Five years since Hurricane Maria caused 3,000 deaths on the island, Puerto Rico is dealing with another major Hurricane.
On Sunday, Hurricane Fiona made landfall in Puerto Rico, bringing with it winds of 85 mph and rainfall of up to 25 inches in some areas. The storm reached Puerto Rico just after 3 p.m. on Sunday afternoon and, shortly after, the whole island lost power. Power is not expected to be restored for at least a few days, according to LUMA, the private company that is tasked with distributing electricity in Puerto Rico.
Speaking on Sunday, Puerto Rico Governor Pedro Pierluisi called the damage “catastrophic,” with landslides and flooding adding to the high winds and power outages across the island.
On Sunday night, the National Weather Service (NWS) said the storm was moving “just west of Puerto Rico and heading for the Eastern Dominican Republic…causing catastrophic flooding.” By the time that warning was issued, the Bahamas government had already issued a Tropical Storm Warning for Turks and Caicos and the Southeast Bahamas, including the Acklins, Crooked Island, Long Cay, the Inaguas, Mayaguana, and the Ragged Islands.
As of Monday morning at 5 a.m., the NWS said that the Hurricane was now about 15 miles west-southwest of Punta Cana, bringing with it winds of up to 90 mph. Fiona was still causing heavy rainfall and “catastrophic flooding” across much of Puerto Rico and hurricane conditions across portions of the Dominican Republic.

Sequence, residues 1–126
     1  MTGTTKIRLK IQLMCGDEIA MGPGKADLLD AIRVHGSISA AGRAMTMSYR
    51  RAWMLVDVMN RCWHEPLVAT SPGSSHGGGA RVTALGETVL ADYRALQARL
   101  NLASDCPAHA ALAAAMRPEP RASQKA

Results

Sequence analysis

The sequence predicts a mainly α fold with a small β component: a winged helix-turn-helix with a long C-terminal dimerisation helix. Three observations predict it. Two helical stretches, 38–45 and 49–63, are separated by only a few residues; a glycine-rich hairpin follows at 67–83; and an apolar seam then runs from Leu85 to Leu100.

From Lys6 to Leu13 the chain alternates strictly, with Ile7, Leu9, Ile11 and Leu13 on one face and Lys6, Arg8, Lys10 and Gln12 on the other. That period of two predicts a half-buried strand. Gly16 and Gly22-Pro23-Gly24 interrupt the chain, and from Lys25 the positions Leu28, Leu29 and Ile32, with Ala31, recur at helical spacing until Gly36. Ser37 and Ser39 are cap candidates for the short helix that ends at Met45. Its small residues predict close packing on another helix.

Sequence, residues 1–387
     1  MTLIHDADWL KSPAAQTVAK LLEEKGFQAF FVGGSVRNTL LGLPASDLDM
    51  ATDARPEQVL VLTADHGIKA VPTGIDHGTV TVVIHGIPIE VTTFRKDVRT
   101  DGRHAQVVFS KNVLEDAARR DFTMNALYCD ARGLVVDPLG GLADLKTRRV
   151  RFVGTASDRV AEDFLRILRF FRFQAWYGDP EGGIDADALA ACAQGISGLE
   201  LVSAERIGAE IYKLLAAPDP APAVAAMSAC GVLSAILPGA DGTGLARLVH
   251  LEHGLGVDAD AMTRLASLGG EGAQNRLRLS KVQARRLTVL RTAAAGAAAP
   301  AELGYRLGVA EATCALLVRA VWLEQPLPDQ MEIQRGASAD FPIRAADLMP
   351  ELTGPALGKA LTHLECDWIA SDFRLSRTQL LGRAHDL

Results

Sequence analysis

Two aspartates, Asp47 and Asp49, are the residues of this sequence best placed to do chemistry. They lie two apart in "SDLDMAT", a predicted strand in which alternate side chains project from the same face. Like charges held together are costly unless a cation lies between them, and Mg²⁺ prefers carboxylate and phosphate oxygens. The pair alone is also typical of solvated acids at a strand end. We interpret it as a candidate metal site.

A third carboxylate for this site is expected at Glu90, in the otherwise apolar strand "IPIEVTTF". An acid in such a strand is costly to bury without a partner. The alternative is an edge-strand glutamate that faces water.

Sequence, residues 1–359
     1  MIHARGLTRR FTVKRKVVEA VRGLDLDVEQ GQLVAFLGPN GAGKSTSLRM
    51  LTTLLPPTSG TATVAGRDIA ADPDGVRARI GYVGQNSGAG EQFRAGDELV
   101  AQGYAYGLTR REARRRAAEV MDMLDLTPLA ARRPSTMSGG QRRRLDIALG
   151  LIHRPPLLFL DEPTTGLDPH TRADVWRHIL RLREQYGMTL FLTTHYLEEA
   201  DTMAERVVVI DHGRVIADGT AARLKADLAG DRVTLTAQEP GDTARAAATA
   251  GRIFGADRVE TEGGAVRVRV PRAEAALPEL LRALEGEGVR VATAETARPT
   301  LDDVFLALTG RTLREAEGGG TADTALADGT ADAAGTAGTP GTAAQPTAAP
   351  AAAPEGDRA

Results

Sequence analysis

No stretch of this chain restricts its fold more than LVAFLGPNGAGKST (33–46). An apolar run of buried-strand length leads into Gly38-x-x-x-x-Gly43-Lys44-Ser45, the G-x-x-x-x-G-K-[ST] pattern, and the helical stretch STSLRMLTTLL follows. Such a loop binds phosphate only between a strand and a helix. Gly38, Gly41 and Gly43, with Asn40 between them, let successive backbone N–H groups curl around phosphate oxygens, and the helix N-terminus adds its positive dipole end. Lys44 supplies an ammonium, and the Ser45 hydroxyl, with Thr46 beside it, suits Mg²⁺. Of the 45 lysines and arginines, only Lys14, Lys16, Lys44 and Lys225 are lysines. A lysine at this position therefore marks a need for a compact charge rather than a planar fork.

The NWS is forecasting that Fiona will move over the eastern portion of the Dominican Republic on Monday morning before passing near or to the east of Turks and Caicos on Tuesday.
Hurricane Fiona had a significant impact on travel in Puerto Rico. On Sunday, according to Discover Puerto Rico, all flights in and out of Luis Muñoz Marín Airport in San Juan were canceled. Travelers are encouraged to avoid that airport until the storm passes, and to check their flight status before heading to the airport.
"Visitors currently in Puerto Rico or with upcoming travel plans should contact their travel providers, hotels, and local businesses directly to inquire about changes in operations,” Discover Puerto Rico wrote.
Other airports in the area are still operating, including the Robert L Bradshaw International Airport in St. Kitts, which is back open and operating at full capacity as of Saturday.
Some airlines had proactively issued waivers for those traveling through airports in the storm’s path.
Delta Airlines issued a travel waiver, effective through Sept. 20, for St. Maarten (SXM), Luis Muñoz Marín Airport (SJU), St. Croix (STX) and St. Thomas (STT).
American Airlines did the same for travel through Sept. 19 for those same airports plus Anguilla Wallblake, Antigua, Providenciales, Puerto Plata, Punta Cana, Santiago, Santo Domingo, and St. Kitts.
United Airlines had issued its own waiver for travel through Sept. 19 for Aguadilla, Antigua, Puerto Plata, Punta Cana, San Juan, Santiago, Santo Domingo, St. Maarten, and St. Thomas.
JetBlue issued its own waivers for Nassau, Providenciales, Aguidilla, Ponce, San Juan, Puerto Plata, Punta Cana, Santiago, and Santo Domingo.